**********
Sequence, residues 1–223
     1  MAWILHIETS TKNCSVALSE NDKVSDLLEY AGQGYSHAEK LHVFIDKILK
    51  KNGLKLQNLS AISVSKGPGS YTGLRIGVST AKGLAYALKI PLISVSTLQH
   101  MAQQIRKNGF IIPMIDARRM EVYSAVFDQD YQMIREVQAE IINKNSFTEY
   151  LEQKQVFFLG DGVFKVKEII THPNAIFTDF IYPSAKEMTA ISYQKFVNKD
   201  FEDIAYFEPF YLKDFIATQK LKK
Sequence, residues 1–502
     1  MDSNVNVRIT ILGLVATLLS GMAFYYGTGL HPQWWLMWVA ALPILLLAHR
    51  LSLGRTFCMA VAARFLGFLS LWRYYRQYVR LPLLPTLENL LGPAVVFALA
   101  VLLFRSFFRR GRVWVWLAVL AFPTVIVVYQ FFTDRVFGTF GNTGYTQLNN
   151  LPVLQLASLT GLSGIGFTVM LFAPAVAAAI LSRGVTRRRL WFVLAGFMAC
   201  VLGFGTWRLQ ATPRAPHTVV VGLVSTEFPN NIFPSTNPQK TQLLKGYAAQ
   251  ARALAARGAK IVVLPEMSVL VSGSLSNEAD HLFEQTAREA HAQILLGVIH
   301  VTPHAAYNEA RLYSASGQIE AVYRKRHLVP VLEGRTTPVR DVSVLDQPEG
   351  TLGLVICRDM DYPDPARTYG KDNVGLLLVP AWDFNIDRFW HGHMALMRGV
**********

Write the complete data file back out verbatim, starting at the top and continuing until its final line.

Sequence, residues 1–223
     1  MAWILHIETS TKNCSVALSE NDKVSDLLEY AGQGYSHAEK LHVFIDKILK
    51  KNGLKLQNLS AISVSKGPGS YTGLRIGVST AKGLAYALKI PLISVSTLQH
   101  MAQQIRKNGF IIPMIDARRM EVYSAVFDQD YQMIREVQAE IINKNSFTEY
   151  LEQKQVFFLG DGVFKVKEII THPNAIFTDF IYPSAKEMTA ISYQKFVNKD
   201  FEDIAYFEPF YLKDFIATQK LKK
Sequence, residues 1–502
     1  MDSNVNVRIT ILGLVATLLS GMAFYYGTGL HPQWWLMWVA ALPILLLAHR
    51  LSLGRTFCMA VAARFLGFLS LWRYYRQYVR LPLLPTLENL LGPAVVFALA
   101  VLLFRSFFRR GRVWVWLAVL AFPTVIVVYQ FFTDRVFGTF GNTGYTQLNN
   151  LPVLQLASLT GLSGIGFTVM LFAPAVAAAI LSRGVTRRRL WFVLAGFMAC
   201  VLGFGTWRLQ ATPRAPHTVV VGLVSTEFPN NIFPSTNPQK TQLLKGYAAQ
   251  ARALAARGAK IVVLPEMSVL VSGSLSNEAD HLFEQTAREA HAQILLGVIH
   301  VTPHAAYNEA RLYSASGQIE AVYRKRHLVP VLEGRTTPVR DVSVLDQPEG
   351  TLGLVICRDM DYPDPARTYG KDNVGLLLVP AWDFNIDRFW HGHMALMRGV